Bart Scott is quietly eclipsing Ray Lewis as the first linebacker in opponents' conversations. Lewis is still playing at a high level, but hasn't tackled nearly as well as Scott or made as many big plays as Adalius Thomas.
Teams have been picking on Samari Rolle, but this veteran cornerback has a short memory. Chris McAlister hasn't played this well in several years. Ed Reed's timing seems to be off.
B.J. Sams ranks second in the league in kickoff return average and ninth as a punt returner, but his second DUI arrest in 14 months is a major concern. Matt Stover might be the most valuable player on the team, booting a franchise-record 29 consecutive field goals. He's tied as the second-most accurate kicker in NFL history.
Total (15) Rushing (4) Passing (26)
Jake Plummer is a streaky passer who's coming off an impressive game against New England. Sometimes, he flashes back to his old undisciplined Arizona form, but usually he's under control.
Tatum Bell has the speed to stretch the defense vertically with linebacker Bart Scott calling him a homerun hitter. Bell is averaging 5.1 yards per carry, but has yet to score a touchdown.
Javon Walker represents an explosive downfield threat and has an 83-yard reception under his belt. He's beginning to develop a connection with Plummer. Finally after years of defying Father Time, Rod Smith is showing his age.
Matt Lepsis, Ben Hamilton, Tom Nalen, Cooper Carlisle and George Foster aren't household names, but they can definitely block and rank as one of the top offensive lines in the game. They play with a nasty streak and are technically sound.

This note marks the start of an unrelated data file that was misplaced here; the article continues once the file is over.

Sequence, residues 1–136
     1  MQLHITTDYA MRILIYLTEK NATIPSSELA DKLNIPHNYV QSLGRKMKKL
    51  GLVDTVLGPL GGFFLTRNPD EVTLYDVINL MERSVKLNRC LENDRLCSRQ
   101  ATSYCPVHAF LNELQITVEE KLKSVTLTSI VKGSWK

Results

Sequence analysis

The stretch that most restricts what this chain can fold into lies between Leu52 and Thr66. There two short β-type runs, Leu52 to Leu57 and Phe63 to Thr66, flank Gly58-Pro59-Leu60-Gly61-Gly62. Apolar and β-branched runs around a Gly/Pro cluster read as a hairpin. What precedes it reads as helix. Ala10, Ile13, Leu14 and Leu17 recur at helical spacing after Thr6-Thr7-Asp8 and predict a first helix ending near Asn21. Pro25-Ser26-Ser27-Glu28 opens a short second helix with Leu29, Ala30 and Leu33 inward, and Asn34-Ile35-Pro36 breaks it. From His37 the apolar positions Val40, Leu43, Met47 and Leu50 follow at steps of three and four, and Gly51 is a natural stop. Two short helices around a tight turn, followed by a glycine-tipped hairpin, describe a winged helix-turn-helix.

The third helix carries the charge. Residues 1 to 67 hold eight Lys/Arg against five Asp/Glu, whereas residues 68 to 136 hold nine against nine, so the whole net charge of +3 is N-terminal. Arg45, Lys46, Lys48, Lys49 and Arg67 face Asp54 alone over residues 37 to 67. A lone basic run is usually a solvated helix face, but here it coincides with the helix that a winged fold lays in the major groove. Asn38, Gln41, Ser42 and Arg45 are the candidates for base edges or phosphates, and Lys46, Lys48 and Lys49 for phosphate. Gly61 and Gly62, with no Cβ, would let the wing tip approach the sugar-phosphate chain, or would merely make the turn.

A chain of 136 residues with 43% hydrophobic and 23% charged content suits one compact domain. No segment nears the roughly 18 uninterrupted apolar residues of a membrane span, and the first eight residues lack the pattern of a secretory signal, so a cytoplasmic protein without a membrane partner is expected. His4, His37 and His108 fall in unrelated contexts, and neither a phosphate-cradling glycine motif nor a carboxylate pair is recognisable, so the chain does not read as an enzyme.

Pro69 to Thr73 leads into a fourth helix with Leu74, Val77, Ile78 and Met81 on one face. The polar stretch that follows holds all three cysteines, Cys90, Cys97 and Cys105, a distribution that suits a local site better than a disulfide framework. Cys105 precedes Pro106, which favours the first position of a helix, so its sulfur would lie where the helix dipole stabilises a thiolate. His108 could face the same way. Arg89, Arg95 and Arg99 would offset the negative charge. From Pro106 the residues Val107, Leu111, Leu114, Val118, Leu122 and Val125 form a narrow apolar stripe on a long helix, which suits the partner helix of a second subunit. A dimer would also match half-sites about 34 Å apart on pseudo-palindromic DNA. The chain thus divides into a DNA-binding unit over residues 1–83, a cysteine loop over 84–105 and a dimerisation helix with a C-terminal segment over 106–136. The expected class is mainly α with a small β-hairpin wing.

Total (17) Rushing (18) Passing (19)
It's Cleveland Browns West with Gerard Warren, Ebenezer Ekuban, Michael Myers, Courtney Brown and Kenard Lang populating this group. This is the weak point of a classic bend-but-don't break defense that could be an elite group if it had better playmakers upfront.
Ian Gold, Al Wilson and D.J. Williams are probably the fastest linebacking corps in the game, active and aggressive on virtually every play.
Champ Bailey could garner Hall of Fame distinction one day. John Lynch is a heavy hitter at safety. Darrent Williams and former Terp Domonique Foxworth have been picked on at times with quarterbacks avoiding Bailey's side of the field.
Jason Elam remains one of the top kickers in the game in terms of accuracy and range. Punter Paul Ernster is averaging 44.6 yards per game. The return game is untested largely because of a lack of opportunities.
EDGES: Quarterback: Even; Running back: Denver; Receivers: Baltimore: Offensive line: Denver; Defensive line: Baltimore: Linebackers: Baltimore; Secondary: Even; Special teams: Baltimore.
Tight end Todd Heap has thrived under the spotlight of Monday night games, catching 19 passes for 232 yards and four touchdowns in four Monday night starts. Ten of those catches produced first downs, and the Ravens are 4-1 in Monday night games since drafting Heap in the first round. Since 2004, Heap has 22 catches for 249 yards and two touchdowns in the final two minutes of a game with 63.6 percent of those catches going for either first downs or touchdowns.
TE Todd Heap vs. S John Lynch
Heap is one of the most athletic tight ends in the game and Lynch remains one of the most dangerous hitters, capable of delivering concussive blows to the head that often draw flags and fines. Heap has a clear edge in speed and youth, but Lynch is one of the best prepared, smartest safeties around.
CB Chris McAlister vs. WR Javon Walker
McAlister will likely draw this assignment against a big, strong, fast receiver who's averaging 22.7 yards per reception. So far, he has been the cornerback that offenses want to avoid with touchdowns completed the past two weeks in single coverage against Samari Rolle.
How the Ravens can win